Linux vendor Red Hat is updating its flagship Red Hat Enterprise Linux (RHEL) to version 5.3 with added support for new Intel Nehalem hardware and including new Java, clustered file system and security tools.
RHEL 5.3 also adds improved support for Windows Vista interoperability, something that had been lacking from prior RHEL releases.
"Our minor releases are refreshes of the RHEL 5 release and contain mostly bug fixes and hardware enablement and to a certain degree also new software features,' Daniel Riek Manager, Product Management, Red Hat Enterprise Linux told InternetNews.com.
"Instead of the old megahertz race vendors are now competing on the feature side again. As well raw bug fixing can also destabilize a system and customers prefer to get clear sync points for things that are not urgent security issues."
One key issue that RHEL 5.3 addresses is Windows Vista interoperability. Red Hat has updated and improved the Samba (define), Linux to Window file sharing technology so that it will support Window Vista.
"We have seen demand for Vista compatibility in 2008 and it became a problem that we didn't have really good support for," Riek admitted. "We did some changes on the Samba side to get the new Vista enablement there we also did some work on CIFS (define) side so Linux can work as a client to Windows servers."
Though Red Hat has improved interoperability from a file sharing point of view with Vista, access control issues still remain to be solved with Windows Server 2008. Among the key enhancements of Windows Server 2008 is Network Access Protection (NAP), which validates end point integrity and enables access.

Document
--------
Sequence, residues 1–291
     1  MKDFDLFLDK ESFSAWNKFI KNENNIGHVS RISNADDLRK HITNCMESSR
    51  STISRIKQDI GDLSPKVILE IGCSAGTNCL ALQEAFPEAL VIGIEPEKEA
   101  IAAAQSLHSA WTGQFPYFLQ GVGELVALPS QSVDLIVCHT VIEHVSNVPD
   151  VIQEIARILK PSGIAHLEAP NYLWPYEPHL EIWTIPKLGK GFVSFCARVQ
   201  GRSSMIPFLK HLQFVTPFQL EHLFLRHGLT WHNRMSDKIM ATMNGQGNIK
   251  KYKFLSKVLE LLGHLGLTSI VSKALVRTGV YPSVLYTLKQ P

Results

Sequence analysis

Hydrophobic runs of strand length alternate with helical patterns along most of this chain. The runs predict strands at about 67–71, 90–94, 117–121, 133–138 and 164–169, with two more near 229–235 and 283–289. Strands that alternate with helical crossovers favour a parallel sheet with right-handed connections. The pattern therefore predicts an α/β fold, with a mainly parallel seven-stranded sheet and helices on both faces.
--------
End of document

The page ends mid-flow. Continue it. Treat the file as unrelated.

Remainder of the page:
Riek noted that RHEL does not currently support NAP though he noted Red Hat intends on providing an update on how and when they will support NAP in the RHEL 5.4 release in six months time.
On the hardware front, RHEL 5.3 supports Intel's new Nehalem chip architecture. Nehalem has a different memory layout than previous generations of Intel CPU architectures and thus required different memory management configuration on the RHEL side to optimize performance. RHEL 5.3 also provides a boost for virtualization with support for up to 1 TB of memory per virtualization host as well as being able to handle up to 126 CPUs.
The RHEL 5.3 release also marks the official debut of the open source OpenJDK (Java Development Kit) Java engine. Red Hat had been working with Sun Microsystems since November of 2007 on the OpenJDK, which is a fully open source implementation of Java. RHEL previously had only included the Sun and IBM implementations of Java, neither of which was fully open source. Riek explained that the OpenJDK implementation in RHEL 5.3 grew out of the IcedTea JDK that Red Hat has been testing for the past 18 months. Riek did not have any specific performance information to share about the OpenJDK though he did not that some initial results did show great promise.
RHEL 5.3 will also mark the official debut of Red Hat's GFS 2(Global File System) clustered file system. GFS is a technology first developed by Sistina Software which Red Hat acquired Sistina in 2003. The first Red Hat release of GFS came in 2004. Riek explained that GFS version two is a redesign that enables the actual physical data on the disk to be more scalable and provides more performance.
While the RHEL 5.3 improves the Linux operating system for Red Hat's enterprise customers, work is now also starting to ramp up on the next big release, RHEL 6. Subhendu Ghosh Product Manager, Red Hat Enterprise Linux told InternetNews.com that Red Hat is now working on the requirements phase for RHEL 6 and that a beta release could be out inside of the next 12 months.
The RHEL 5.3 release comes after several months of beta testing and is the third update for RHEL 5 since its initial release in 2007.
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